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So, I'm creating two random word generators, one based on bigrams and the other based on trigrams. In each case I've set up a dictionary (either called bigrams, which has two nested dictionaries or trigrams, which has three nested dictionaries)...and there is a lot of other code but here's the line that causes a problem in the trigram generator:

 #generates random phonemes
 def generate_trigramphoneme(phoneme1, phoneme2):
    rand = random.uniform(0,1)

    **for phoneme3 in trigrams[phoneme1][phoneme2]:**
        rand -= trigrams[phoneme1][phoneme2][phoneme3]

        if rand < 0.0: return phoneme3
    return phoneme3

where the variable "phoneme3" produces a local unbound error.

Here, though, in my bigram generator (which works), the variable "Following" is fine, and doesn't produce an error:

def generate_bigramphoneme(phoneme):
    rand = random.uniform(0,1)
    for following in bigrams[phoneme]:
        rand -= bigrams[phoneme][following]
        if rand < 0.0: return following
    return following

I looked up unbound local errors in python on eli bendersky's website, which helped me understand the error, but I still don't know how to get rid of it, or why the bigram code doesn't produce an error...

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can you show us the structure of phoneme1 and phoneme2 –  myusuf3 Oct 12 '12 at 21:31
    
so this is the dictionary: trigrams = defaultdict(lambda:defaultdict(lambda:defaultdict(lambda:0.0))), and phoneme1 is just calling an element within trigrams, phoneme2 is calling on an element within that, and i'm trying to iterate over all the phoneme3s within that –  CFC Oct 12 '12 at 21:56

1 Answer 1

up vote 3 down vote accepted

Assuming you do have a trigrams defined somewhere, it may be that with your arguments, trigrams[phoneme1][phoneme2] is an empty iterable, therefore the loop never executes and phoneme3 doesn’t get bound.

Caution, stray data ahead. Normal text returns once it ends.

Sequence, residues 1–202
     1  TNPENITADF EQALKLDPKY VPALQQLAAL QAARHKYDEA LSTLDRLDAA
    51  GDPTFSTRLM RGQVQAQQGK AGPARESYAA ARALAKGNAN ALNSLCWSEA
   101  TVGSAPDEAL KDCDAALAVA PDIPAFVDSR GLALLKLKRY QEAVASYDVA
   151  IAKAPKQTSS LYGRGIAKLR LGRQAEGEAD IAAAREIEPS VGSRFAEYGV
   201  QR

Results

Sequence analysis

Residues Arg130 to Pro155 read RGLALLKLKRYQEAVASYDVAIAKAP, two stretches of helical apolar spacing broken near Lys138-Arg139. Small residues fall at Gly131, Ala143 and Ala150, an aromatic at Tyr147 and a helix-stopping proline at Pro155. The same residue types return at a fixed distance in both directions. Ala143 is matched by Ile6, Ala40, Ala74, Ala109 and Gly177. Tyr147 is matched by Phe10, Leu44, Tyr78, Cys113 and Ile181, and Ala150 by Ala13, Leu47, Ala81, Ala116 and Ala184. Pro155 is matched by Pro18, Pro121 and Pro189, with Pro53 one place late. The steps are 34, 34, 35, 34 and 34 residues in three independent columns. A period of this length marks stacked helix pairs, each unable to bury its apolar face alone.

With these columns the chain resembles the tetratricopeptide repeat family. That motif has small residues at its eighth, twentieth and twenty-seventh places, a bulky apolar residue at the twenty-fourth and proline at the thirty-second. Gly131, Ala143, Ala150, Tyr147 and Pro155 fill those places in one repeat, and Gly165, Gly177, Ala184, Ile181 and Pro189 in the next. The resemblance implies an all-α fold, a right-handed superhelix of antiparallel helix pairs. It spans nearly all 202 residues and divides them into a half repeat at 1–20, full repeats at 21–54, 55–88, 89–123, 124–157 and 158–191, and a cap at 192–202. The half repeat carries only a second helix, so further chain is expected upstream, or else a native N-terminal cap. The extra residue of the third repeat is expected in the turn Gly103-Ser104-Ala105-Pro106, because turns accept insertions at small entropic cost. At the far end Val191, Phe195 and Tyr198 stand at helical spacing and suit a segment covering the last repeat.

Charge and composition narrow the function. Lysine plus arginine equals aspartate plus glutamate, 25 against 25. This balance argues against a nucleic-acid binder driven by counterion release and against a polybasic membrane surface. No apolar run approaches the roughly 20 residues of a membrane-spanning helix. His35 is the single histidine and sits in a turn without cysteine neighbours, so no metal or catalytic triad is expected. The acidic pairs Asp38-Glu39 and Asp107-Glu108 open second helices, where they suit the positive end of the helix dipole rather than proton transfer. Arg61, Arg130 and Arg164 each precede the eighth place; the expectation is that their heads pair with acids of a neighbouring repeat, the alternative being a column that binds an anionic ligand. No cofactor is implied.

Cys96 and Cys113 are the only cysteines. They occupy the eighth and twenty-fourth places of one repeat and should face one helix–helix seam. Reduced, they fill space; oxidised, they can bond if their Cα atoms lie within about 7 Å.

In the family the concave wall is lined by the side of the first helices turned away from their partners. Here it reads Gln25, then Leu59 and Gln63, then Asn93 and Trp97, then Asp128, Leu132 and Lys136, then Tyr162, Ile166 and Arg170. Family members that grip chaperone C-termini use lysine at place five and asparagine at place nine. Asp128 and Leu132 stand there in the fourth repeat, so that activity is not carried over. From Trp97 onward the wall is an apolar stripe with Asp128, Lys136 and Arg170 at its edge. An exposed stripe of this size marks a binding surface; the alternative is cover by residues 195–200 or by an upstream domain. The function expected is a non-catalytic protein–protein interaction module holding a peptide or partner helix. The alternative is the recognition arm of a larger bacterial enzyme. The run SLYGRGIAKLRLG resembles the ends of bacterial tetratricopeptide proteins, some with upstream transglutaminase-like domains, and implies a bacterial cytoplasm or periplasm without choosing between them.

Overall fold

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That isn't the issue; then you could never iterate over a empty list. Meaning that the for loop would never be executed. –  myusuf3 Oct 12 '12 at 21:35
    
@myusuf3 Not sure what you mean, but try this: hastebin.com/jativeyiva.py –  Vasiliy Faronov Oct 12 '12 at 21:43
    
hmm I didn't see the return at the bottom the error should be attributed to the 4th line. @Vasiliy you are correct! upped. –  myusuf3 Oct 12 '12 at 21:47
    
I think the critical difference between this loop and many others is the second return statement, outside the loop. You can iterate over an empty array, as long as you don't do that. You have expanded the scope where you try to reference the variable, but you haven't ensured that it is always bound before you reference it. –  John Watts Oct 12 '12 at 21:50
    
Hmmm...so when I put in print commands for phoneme1 and phoneme2, and just have the code return a # sign instead of phoneme3, everything prints, so I'm not sure if it's a problem with the loop or the variable phoneme3...but yes trigrams is defined elsewhere as a dictionary, with two more layers of nested dictionaries within it, which is why I'm trying to call everything in that third layer with phoneme3 in trigrams[phoneme1][phoneme2] –  CFC Oct 12 '12 at 21:51

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